Lagrangian modeling of air pollutant transport
Imparte: Jonathan Kahl, University of Wisconsin, USA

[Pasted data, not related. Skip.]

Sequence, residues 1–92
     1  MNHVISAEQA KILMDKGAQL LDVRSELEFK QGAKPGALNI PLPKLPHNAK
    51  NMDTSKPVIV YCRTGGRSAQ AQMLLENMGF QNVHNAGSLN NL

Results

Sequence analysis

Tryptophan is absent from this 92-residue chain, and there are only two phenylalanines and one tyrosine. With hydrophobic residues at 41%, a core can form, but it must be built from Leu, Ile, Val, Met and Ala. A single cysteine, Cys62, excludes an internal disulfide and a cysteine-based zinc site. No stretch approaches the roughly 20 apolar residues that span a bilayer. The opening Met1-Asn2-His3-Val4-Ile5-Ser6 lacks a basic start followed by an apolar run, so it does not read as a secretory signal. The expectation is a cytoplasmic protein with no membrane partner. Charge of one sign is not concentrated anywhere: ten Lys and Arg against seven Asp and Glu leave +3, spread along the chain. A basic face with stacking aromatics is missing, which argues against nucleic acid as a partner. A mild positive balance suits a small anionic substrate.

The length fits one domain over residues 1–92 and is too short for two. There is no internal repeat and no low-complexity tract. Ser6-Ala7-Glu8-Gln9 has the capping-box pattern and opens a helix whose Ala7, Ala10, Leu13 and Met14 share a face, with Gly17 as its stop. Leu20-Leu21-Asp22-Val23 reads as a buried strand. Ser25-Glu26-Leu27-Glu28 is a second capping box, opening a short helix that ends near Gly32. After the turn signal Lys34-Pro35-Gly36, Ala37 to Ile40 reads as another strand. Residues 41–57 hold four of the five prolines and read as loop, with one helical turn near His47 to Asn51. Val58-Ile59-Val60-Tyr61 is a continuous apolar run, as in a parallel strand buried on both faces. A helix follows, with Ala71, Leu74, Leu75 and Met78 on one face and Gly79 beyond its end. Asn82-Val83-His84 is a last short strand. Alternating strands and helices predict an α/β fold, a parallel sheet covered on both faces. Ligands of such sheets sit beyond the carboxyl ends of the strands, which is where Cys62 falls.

tmospheric trajectory models can reveal useful insights on source-receptor relationships and meteorological processes affecting transport and dispersion. In this talk I will describe some recent projects involving the use and application of trajectory models in air pollution studies. In one study, a systematic investigation was performed to quantify the sensitivity of single trajectory calculations to their starting elevation. An eight-year database of daily, 48-h back-trajectories using four different starting altitudes was created for ten sites across the continental United States, with trajectories initialized at four different elevations. Trajectory model calculations were found to be strongly sensitive to starting elevation, with a linear relationship observed between trajectory model sensitivity and difference in starting elevation. In another study, the value of upwind (Lagrangian) MODIS-Aerosol Optical Depth (AOD) predictors in empirical models of ground-level fine particle (PM2.5) concentrations are demonstrated. Using a daily averaged, gridded AOD product developed for the project, the Lagrangian AOD model was tested at the same ten sites. Multiple linear regression models that include Lagrangian AOD as predictors showed statistically significant improvement over the more commonly used simple linear regression models.